This Is The Only Thing You Must Know About Shooting Video On Your iPhone [Image]

This Is The Only Thing You Must Know About Shooting Video On Your iPhone [Image]

Vertical Video Syndrome is a very serious problem, but it’s totally preventable. Next time you’re sitting on your couch, watching your baby and cat play together and think, “Oh snap, the spawn of my loins is like sooo freaking cute! I just totally need to film him for the 73rd time and upload it to Facebook for my friends.” That’s cool, go ahead. Film the crap out of your baby. But turn your iPhone horizontal so we can all enjoy that footage.

Only you can prevent Vertical Video Syndrom, so make sure to politely share this image with all your friends, and make the internet a safer place.

  • mr_bee

    there’s nothing wrong with vertical video, just as there is nothing wrong with using your iPad as a camera. Techie guys from the 90’s just haven’t realised things are different now and want to force you into their old-fashioned ways of thinking.

    • grant

      You are a moron. Look at how your television sits. And old fashioned? Widescreen TVs are a pretty recent thing. Idiot.

  • Buster

    there’s nothing wrong with vertical video, just as there is nothing wrong with using your iPad as a camera. Techie guys from the 90’s just haven’t realised things are different now and want to force you into their old-fashioned ways of thinking.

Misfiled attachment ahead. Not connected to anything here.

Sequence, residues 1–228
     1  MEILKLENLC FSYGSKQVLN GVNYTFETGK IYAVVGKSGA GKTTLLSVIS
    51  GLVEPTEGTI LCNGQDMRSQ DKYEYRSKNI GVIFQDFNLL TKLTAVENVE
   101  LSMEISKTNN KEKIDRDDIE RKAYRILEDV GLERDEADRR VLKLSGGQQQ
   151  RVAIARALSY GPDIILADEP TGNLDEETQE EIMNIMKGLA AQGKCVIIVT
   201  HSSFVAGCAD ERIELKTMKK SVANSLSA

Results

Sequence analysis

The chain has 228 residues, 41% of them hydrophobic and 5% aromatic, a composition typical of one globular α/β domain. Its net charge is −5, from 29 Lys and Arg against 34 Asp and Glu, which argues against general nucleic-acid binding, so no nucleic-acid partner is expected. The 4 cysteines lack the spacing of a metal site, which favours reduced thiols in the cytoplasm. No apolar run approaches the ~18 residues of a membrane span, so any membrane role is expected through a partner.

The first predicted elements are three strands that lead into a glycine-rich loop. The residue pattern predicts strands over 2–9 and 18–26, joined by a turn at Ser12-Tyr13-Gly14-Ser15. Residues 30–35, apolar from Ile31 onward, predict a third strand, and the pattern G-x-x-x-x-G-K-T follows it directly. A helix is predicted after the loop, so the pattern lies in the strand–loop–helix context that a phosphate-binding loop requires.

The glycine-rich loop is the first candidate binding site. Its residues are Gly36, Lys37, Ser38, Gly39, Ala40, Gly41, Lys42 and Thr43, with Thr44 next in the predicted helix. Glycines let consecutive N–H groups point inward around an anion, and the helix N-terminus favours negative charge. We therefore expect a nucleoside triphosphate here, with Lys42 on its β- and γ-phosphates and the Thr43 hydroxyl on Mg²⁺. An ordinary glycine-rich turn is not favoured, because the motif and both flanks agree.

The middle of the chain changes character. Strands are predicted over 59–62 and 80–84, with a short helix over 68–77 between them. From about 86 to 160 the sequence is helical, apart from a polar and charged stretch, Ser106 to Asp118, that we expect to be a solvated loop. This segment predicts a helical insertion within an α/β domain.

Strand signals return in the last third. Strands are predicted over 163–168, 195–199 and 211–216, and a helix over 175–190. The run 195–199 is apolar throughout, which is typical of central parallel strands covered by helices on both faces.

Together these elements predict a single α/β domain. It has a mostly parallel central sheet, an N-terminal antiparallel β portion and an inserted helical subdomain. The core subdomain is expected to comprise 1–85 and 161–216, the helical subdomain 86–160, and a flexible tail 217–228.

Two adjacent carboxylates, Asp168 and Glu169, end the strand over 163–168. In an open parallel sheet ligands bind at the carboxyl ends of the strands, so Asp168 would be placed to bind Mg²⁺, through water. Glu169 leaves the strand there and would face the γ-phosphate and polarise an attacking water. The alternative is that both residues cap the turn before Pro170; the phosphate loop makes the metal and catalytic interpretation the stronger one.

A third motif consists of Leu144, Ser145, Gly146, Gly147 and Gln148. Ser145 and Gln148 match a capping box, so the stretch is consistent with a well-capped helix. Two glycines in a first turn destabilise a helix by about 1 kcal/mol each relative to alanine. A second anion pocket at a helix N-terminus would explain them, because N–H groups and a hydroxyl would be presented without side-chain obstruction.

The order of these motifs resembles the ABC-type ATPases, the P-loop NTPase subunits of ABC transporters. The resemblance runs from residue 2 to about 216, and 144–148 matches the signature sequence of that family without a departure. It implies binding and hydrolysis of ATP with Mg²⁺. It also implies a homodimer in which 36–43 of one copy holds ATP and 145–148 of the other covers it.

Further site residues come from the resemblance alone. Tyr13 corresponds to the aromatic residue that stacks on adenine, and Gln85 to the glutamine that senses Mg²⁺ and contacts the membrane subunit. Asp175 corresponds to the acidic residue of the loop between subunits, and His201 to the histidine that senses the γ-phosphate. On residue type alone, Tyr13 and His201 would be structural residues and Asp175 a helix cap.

So you like watching videos with the stripes on the sides where over 50% of the picture size is reduced?

  • MarkDOTJames

    Your guide is great but people may take your screen shots as the correct way to hold their phones when shooting video: and therefore shoot them upside down, on my iPhone 4S you must have the buttons in the bottom left when holding the phone to get your video in the correct aspect and NOT upside down :)

  • Mads Teland

    I think Apple should make vertical photo and video to be like horizontal when you hold iPhone vertically :)

  • trebor1013

    Nothing special about this for a phone; the same is true for most cameras as well

  • MacLove

    Sometimes Vertical-Potrait Video happens if the Rotation Sensor on iPhone is not sure what it was supposed to do. That can happen when we start filming before iPhone is fully stabilized in Horizontal position. That’s my conclusion after a few tests. ••• MY FIX••• : LOCK THE ROTATION to assure that it’s WYSIWYG = What You See Is What You Get!!! That way the Rotation Sensor doesn’t get to decide anything! I wish Apple Disabled the Rotation Sensor Automatically, while Camera App is being used for videos and photos, just as a Safety Net! If for some reason user want to Enable Rotation Sensor, then they can do it Manually, otherwise it should Lock itself Automatically when Camera App is being used, thus assuring WYSIWYG!!!! Please Apple, JUST DO IT:)!